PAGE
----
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November 22, 2011

Effective Grading Practices

Filed under: K-12 — Kelly Cartwright @ 11:37 am
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The entire November issue of Educational Leadership (Volume 69, Number 3) was devoted to effective grading practices. This issue includes a number of excellent articles written by grading practices gurus such as Thomas Guskey, Robert Marzano, Ken O’ Connor, and Rick Wormeli on topics such as obstacles to grading reform, grades that show what students know, reporting student learning, and managing redos and retakes.

Here, I’ve summarized “Redos and Retakes Done Right” by Rick Wormeli, with the hope that you might find one or more of his ideas affirming or enlightening, and one or more of his practical tips worth a try.

Wormeli contends that:

  1. Allowing students to redo assignments and assessments is the best way to prepare them for adult life.
  2. Allowing students to redo assignments and assessments for particularly important standards and outcomes most of the time is highly effective.
  3. Our goal is for all students to learn the content. Curriculum goals don’t require that every individual reaches the same level of proficiency on the same day, only that every student achieves the goal.
  4. True competence that stands the test of time come with reiterative learning. We carry forward concepts and skills we encounter repeatedly, and we get better at retrieving them the more we experience them.
  5. It makes sense to expect different things of students during the learning process than we expect of them when it’s time to demonstrate final proficiency or become fully certified. Applying expectations to students who are in the process of coming to know content is counterproductive, even harmful.
  6. Adult professionals actually flourish through redos, retakes, and do-overs:
    1. Surgeons practice on cadavers before doing surgeries on live patients.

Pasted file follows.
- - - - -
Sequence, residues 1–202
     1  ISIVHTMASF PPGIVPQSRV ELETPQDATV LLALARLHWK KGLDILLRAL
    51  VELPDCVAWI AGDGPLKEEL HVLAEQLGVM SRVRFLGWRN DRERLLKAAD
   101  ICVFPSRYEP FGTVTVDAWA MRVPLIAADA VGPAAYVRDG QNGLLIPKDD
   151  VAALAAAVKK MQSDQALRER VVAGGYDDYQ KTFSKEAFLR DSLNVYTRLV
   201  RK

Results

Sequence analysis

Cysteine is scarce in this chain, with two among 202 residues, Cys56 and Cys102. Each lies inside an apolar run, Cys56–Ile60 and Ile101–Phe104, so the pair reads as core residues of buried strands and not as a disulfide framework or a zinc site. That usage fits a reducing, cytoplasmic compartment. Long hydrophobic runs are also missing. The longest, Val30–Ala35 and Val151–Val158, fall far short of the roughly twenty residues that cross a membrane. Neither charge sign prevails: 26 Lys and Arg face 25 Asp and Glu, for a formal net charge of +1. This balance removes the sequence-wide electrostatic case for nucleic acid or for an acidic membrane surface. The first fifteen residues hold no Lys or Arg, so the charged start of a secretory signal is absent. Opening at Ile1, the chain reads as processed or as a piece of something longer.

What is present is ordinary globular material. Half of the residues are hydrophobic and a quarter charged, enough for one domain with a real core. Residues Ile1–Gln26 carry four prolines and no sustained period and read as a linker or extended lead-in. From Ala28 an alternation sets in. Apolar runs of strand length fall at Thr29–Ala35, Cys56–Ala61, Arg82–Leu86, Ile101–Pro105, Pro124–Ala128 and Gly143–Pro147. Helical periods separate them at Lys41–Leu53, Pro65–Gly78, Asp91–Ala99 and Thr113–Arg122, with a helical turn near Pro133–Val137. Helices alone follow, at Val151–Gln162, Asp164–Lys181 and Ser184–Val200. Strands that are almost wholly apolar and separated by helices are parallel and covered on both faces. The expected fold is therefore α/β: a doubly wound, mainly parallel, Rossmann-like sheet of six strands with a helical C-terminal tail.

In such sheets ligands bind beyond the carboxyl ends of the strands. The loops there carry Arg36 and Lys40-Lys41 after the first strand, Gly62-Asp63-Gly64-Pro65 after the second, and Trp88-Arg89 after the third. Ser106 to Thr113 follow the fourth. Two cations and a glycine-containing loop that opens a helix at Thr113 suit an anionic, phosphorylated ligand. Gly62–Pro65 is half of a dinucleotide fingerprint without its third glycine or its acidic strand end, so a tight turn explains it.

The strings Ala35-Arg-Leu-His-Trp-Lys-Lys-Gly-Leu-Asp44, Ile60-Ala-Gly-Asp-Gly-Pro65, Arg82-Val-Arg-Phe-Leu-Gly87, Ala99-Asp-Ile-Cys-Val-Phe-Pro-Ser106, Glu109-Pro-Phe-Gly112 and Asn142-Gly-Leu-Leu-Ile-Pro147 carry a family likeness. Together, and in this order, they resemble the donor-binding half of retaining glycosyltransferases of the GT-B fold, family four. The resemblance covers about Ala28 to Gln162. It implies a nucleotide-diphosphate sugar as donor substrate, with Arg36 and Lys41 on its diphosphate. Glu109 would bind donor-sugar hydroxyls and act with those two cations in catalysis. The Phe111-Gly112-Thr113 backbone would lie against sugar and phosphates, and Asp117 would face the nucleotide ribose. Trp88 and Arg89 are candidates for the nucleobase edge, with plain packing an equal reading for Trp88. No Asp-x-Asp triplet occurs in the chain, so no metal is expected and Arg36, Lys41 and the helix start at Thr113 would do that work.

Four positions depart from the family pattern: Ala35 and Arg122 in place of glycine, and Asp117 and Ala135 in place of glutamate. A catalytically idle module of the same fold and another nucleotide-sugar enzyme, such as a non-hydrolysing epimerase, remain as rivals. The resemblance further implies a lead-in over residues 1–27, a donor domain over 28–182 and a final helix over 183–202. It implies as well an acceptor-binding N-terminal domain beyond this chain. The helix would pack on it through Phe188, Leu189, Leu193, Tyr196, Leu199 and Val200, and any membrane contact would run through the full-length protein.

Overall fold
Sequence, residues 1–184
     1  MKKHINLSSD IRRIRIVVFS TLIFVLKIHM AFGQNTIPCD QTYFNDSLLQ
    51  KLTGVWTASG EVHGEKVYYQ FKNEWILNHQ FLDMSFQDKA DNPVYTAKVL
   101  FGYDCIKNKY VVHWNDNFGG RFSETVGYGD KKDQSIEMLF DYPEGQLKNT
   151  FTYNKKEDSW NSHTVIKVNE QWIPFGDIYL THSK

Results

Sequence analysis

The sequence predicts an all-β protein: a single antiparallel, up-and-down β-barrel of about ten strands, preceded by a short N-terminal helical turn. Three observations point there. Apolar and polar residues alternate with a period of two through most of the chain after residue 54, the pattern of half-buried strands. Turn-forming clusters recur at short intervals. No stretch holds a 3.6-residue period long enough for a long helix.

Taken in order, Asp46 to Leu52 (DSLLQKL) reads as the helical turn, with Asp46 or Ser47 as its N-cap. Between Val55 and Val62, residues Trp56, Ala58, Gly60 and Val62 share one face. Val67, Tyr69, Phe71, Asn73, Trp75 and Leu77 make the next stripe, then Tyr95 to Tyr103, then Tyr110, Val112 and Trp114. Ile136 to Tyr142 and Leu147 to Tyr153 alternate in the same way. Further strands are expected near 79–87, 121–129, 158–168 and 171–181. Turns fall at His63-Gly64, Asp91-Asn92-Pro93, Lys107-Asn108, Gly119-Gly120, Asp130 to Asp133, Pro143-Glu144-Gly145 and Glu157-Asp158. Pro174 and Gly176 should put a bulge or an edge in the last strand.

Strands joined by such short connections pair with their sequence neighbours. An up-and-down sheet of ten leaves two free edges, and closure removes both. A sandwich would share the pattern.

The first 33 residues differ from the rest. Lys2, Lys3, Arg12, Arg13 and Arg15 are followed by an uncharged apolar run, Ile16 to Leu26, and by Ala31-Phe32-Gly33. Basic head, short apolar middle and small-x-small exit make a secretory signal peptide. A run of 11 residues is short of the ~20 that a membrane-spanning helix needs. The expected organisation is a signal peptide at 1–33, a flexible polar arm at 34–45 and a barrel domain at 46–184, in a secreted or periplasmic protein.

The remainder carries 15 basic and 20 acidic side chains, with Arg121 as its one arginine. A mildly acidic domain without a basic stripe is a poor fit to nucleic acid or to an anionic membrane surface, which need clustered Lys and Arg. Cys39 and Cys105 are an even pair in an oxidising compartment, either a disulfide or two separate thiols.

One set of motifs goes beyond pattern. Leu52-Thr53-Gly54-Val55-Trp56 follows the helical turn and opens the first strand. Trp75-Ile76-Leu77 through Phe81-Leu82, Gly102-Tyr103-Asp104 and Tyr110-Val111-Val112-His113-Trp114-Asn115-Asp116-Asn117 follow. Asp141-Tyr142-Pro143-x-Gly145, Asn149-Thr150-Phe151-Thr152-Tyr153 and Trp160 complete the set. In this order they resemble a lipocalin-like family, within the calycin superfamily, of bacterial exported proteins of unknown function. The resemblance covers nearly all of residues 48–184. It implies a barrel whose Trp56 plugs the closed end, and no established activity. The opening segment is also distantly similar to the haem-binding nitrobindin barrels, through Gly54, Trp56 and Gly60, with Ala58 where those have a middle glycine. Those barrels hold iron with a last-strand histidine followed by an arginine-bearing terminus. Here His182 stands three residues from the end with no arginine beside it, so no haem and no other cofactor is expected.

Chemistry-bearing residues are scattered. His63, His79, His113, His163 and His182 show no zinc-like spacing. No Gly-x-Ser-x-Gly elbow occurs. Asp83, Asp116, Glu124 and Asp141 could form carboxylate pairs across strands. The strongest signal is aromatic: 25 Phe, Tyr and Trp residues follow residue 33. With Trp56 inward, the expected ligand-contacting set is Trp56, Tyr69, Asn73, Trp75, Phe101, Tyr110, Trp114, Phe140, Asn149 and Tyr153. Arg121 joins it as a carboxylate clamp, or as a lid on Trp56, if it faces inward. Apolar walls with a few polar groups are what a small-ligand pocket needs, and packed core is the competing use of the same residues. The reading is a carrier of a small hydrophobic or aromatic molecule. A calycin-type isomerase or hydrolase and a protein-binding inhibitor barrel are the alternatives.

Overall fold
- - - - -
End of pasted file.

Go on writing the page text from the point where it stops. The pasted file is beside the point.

2. Architects redesign building plans until they meet all the specifications listed.
    3. Pilots rehearse landing s and take-offs hundreds of times in simulations and in solo flights before flying with real passengers.
    4. Lawyers practice debate and analysis of arguments before litigating real cases.
    5. Teachers become much more competent and effective by teaching the same content multiple times, reflecting on what worked and what didn’t work each time.
  7. The best preparation for the world beyond school is to learn essential content and skills well. Every one of these assessments reflects adult-level, working-world responsibilities our students will one day face. Many of them are high stakes. People’s lives depend on these tests’ validity as accurate measures of individual competence. All of them can be redone over and over for full credit:
    1. LSAT
    2. MCAT
    3. Praxis
    4. Bar exam
    5. CPA exam
    6. Driver’s licensure
    7. Pilot’s licensure
    8. Auto mechanic certification exam
  8. We improve with practice, descriptive feedback, and revising our practices in light of that feedback, followed by more practice, feedback, and revision. It’s the way authors write great books, the way scientists discover, the way machinists solve problems.
  9. Providing feedback and asking students to redo assignments until those assignments match the standards set for them are the keys to thriving classrooms.
  10. Making students redo their learning until it meets high expectations demands far more of both students and teachers than letting them take a failing grade, but it absolutely results in far more learning. Maturation occurs in the fully credited recovery from unsuccessful attempts, not by labeling those attempts as failures.
  11. It makes sense to grade students according to their performance on standards, not the routes they take to achieve those standards.

If you’d like to see Wormeli’s 14 practical tips for managing redos in the classroom, I’ll send you a copy of the article, or you can look online @ http://www.ascd.org/publications/educational-leadership/nov11/vol69/num03/Redos-and-Retakes-Done-Right.aspx.

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